Of course, you do need to check back in every now and then. If you check back in and see that someone's drink is near empty, you should immediately ask if they want a refill. Note, though, that in cases where someone has ordered a bottle of wine, you should not take it upon yourself to pour it for them--unless, of course, they've asked for you to do this. Lifting a bottle of wine and pouring it into a glass takes no special training, contrary to what you may have been told in that exclusive waiter training you did when you followed that other waiter around like a puppy for two weeks. Someone who's drinking from a bottle probably wants to do it him or herself, and doesn't need you pushing them through the bottle just so you can try to add another one to the tab. Don't worry...they'll order one if they want one.

On another note, do remember that, unless specifically invited, you have no contribution of any worth to make to any conversation taking place at the table. Nobody wants to hear your comment on a story someone at the table is telling. Nobody cares that you have a friend who just got back from the same vacation. Nobody cares that you're trying to be an actor. All anybody cares about is that you serve the table in a benignly friendly way and don't require *us* to accommodate *you*. Which also means that if you approach the table and find everybody there in the midst of a conversation, you DO NOT interrupt it to ask if anybody wants more bread, or to admit that you've forgotten part of the order because you didn't write any of it down and instead tried to operate off of the fearsome power of your own memory. Instead, you stand quietly off the side and wait to be recognized. Don't worry, we see you. We won't make you wait long if you haven't been a pain in the ass up to that point.

Eh, too easy.

Holy shiat, you're a farking ass.

So you want the waiter to stand there, wasting his and his other customer's time while you regale your table with some story. God forbid he interrupt and do his JOB. If he goes off to help someone else, I bet you get all pissy because he's not paying enough attention to you. Get over yourself. If you want to be properly served, expect to be interrupted. Otherwise stay at home or eat at farking McDonalds.

And yes, in a lot of places it is important to ask if you've been there or not. Many places are small plate and meant for sharing and thus if you order as entrees, some people will be sitting there with nothing in front of them while others have their meals.


You've never met Pocket Ninja before, have you?
 
2010-09-16 12:23:08 PM
Grass Hopper: ghare: I am always nice to servers and bartenders and delivery people. I guarantee I get better service from them and my food doesn't get mystery ingredients.

I tip our local pizza delivery guy well. They say it's supposed to be there in 30 - 40 minutes - mine is always there in 20 to 25 and still steaming. Which means he places me first on his run.


No, they tell EVERYBODY 30-40 minutes, and you likely just live closer to the pizza joint than the average customer.

Come on people.

Someone who delivers pizza for a living doesn't give 2 sh*ts about you just because you gave him an extra buck one time.
 
2010-09-16 12:24:07 PM
Raines8416: Seriously though, that's my biggest bother. If I only see you 1 time between my food coming out and my bill, that is a bit upsetting. If I dont see you at all, your tip is gonna reflect that.

Also, as common as it is anymore, I hate the places that use other staff to bring out your food. If you are my server, SERVE MY FOOD, don't make someone else do it for you. This is what I am supposed to be tipping you for! Not to mention, if something is wrong with anything they bring out, or something is missing we have to wait for you to come back to get it fixed, or force this innocent food deliverer to do your job.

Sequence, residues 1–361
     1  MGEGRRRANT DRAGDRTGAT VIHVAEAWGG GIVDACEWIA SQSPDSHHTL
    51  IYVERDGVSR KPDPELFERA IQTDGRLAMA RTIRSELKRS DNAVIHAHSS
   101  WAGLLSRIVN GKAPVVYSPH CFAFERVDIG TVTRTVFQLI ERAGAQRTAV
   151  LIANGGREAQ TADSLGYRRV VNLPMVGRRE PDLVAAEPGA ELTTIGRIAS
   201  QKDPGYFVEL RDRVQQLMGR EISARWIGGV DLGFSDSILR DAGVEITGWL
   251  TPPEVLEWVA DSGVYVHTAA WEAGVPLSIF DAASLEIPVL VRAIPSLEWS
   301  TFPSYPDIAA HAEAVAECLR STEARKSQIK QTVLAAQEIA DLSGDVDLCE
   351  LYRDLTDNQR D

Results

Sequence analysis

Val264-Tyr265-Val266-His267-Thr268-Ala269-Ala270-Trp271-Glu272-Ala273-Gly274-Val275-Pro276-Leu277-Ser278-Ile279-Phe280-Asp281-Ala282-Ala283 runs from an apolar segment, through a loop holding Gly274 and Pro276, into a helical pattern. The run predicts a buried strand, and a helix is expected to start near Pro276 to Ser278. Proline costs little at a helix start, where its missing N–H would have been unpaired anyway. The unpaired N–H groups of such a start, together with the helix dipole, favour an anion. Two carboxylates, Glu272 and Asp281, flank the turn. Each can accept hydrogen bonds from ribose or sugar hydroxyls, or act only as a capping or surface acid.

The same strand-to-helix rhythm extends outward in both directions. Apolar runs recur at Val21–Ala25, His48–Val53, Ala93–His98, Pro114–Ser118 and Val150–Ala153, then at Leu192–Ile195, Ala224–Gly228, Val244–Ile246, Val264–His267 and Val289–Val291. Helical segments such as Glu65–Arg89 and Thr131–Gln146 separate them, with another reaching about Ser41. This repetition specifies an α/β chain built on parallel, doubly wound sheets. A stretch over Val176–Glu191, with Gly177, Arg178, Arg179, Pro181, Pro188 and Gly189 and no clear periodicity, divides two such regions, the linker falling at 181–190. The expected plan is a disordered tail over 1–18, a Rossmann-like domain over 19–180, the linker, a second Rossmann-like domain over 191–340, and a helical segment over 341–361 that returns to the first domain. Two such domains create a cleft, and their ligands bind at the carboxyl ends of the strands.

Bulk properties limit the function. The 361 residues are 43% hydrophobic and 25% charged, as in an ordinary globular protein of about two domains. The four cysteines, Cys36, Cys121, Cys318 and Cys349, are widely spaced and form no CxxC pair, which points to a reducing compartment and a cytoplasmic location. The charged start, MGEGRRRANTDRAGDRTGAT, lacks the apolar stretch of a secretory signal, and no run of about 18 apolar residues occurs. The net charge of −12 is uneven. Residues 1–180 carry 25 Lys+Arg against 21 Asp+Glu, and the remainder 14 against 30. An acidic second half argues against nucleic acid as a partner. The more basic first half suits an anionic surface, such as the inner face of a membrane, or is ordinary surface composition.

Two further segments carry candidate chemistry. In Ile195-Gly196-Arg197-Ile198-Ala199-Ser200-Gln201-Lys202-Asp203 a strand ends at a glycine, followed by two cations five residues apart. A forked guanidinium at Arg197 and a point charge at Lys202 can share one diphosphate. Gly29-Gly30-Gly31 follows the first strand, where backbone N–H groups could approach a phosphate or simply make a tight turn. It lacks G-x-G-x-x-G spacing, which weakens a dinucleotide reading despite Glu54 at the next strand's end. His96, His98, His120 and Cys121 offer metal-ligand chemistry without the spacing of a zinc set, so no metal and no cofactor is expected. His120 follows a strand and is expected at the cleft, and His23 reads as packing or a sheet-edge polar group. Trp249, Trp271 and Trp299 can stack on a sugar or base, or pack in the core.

Well I agree with the first part, but then you have the other guy who doesn't want his very interesting conversation to be interrupted for even 3 seconds, so how the hell should I know what to do?

As for the second part, that's not up to a particular waiter, who isn't just standing around in the kitchen waiting for your order to be prepared, and may not be back there at the exact moment it is ready.

So, do you want your food immediately when it's ready, or do you want to wait another minute or two for your server to bring it?
 
2010-09-16 12:25:02 PM
Jster422: stuhayes2010: How about everyone work in a resturant for 3 months and you'll know your water is cold enough and you're ranch dressing isn't that important.

While I was doing my time in food-service hell, I hit upon what I perceive to be the greatest idea in the history of ideas.

You know how some countries have mandatory military service as a condition of citizenship?

We should have mandatory shiat-job service.

Right out of high-school, everyone goes into a year long period of service where they wait tables, drive a bus, deliver pizza, etc...

Then, for the rest of their lives they might just be able to treat service workers like human beings, rather than barely domesticated animals.

Jobs dealing with the public are the farking worst. Not because walking back and forth from the table to the kitchen is hard, or because refilling drinks is hard.

Because getting crapped on for 10 hours a day by every middle-management asshole...is hard. Waking up in the morning knowing that you're in for another 10 hours of it today, that's hard too.

I work in the corporate world now - and some days I feel like my job is a drag, my projects are a pain, all that stuff. Then I remind myself that it could be a hell of a lot worse. I could actually have to work for a living.


When I was growing up, those were the only kind of jobs there were for someone right out of high school/college. Now the plebes are getting corporate jobs fresh out of school. We older folks HAVE worked these jobs.
 
2010-09-16 12:25:42 PM